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Inequalities that hurt: demographic, socio-economic and health status inequalities in the utilization of health services in Serbia

Janko Janković, Snežana Simić, Jelena Marinković
DOI: http://dx.doi.org/10.1093/eurpub/ckp189 389-396 First published online: 23 November 2009

Abstract

Background: The aim of this study was to analyse demographic, socio-economic and health status inequalities by gender in the utilization of health services in Serbia. Methods: Data from 2006 National Health Survey for Serbia were used. A total of 14 522 persons from six geographical regions of Serbia aged ≥20 years were completely interviewed. Logistic regression analyses were used to study the effects of demographic (age, gender, marital status and type of settlement), socio-economic (education and Wealth Index) and health status (self-perceived health) variables on the utilization of health services [visits to general practitioner (GP), private doctor, dentist and hospitalization]. All analyses were carried out separately for males and females. Results: As compared with women (reference category), a lower percentage of men visited a GP [odds ratio (OR) = 0.61; 95% confidence interval (95% CI) = 0.57–0.65], private doctor (OR = 0.62; 95% CI = 0.57–0.67) and dentist (OR = 0.81; 95% CI = 0.76–0.87), but there were no gender differences in hospitalization. Both males and females who belong to disadvantaged classes were less likely to have visited a GP, a private doctor or a dentist in 12 months before the interview, regardless of their health status. No inequalities by social class were observed for the hospitalization among persons with poor self-perceived health status, i.e. those in most need. Conclusions: This study has shown that demographic, socio-economic and health status inequalities in the utilization of health services exist in Serbia. Wise health policy with equitable utilization of health services, regardless these inequalities should be a priority in shaping Serbian health care system reform.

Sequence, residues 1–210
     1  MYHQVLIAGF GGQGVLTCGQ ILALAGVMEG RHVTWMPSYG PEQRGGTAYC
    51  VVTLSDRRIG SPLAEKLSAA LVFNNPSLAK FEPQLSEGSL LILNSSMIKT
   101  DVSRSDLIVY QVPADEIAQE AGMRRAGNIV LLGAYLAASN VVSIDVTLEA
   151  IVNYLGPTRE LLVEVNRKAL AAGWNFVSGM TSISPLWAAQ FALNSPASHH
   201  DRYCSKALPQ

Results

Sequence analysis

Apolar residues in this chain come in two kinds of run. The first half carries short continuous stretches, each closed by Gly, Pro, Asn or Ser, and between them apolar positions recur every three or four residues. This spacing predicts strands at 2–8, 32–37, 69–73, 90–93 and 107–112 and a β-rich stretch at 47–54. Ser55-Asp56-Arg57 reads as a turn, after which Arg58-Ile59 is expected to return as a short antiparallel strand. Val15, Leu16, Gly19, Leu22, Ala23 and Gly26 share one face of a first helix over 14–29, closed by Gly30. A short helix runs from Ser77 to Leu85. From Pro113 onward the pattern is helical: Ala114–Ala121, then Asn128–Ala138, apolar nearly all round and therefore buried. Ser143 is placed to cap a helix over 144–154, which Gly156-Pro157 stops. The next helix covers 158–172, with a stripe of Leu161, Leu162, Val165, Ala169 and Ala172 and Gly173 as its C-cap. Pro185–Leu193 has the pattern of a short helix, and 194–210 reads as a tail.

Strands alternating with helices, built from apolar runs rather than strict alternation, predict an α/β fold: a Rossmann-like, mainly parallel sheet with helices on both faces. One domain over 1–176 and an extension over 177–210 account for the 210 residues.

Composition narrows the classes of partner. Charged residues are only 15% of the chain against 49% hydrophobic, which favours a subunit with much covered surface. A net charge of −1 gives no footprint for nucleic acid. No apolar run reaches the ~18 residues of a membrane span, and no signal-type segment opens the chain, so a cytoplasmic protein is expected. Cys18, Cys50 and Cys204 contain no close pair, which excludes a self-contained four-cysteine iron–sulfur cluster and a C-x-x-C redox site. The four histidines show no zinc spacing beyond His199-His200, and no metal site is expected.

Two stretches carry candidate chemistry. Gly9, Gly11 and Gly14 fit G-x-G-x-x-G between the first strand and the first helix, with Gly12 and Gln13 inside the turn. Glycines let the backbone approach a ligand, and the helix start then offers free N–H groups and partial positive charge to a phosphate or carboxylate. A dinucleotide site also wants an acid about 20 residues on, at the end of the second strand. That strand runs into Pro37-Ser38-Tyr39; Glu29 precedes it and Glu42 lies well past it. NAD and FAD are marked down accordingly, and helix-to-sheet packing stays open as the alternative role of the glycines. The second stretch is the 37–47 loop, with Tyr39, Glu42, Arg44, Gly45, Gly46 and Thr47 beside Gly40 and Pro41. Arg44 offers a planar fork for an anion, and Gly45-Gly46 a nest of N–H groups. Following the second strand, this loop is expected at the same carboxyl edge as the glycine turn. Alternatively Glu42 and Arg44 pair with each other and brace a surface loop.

• health service utilization
  • health survey
  • inequalities in health
  • Serbia
  • social class

Introduction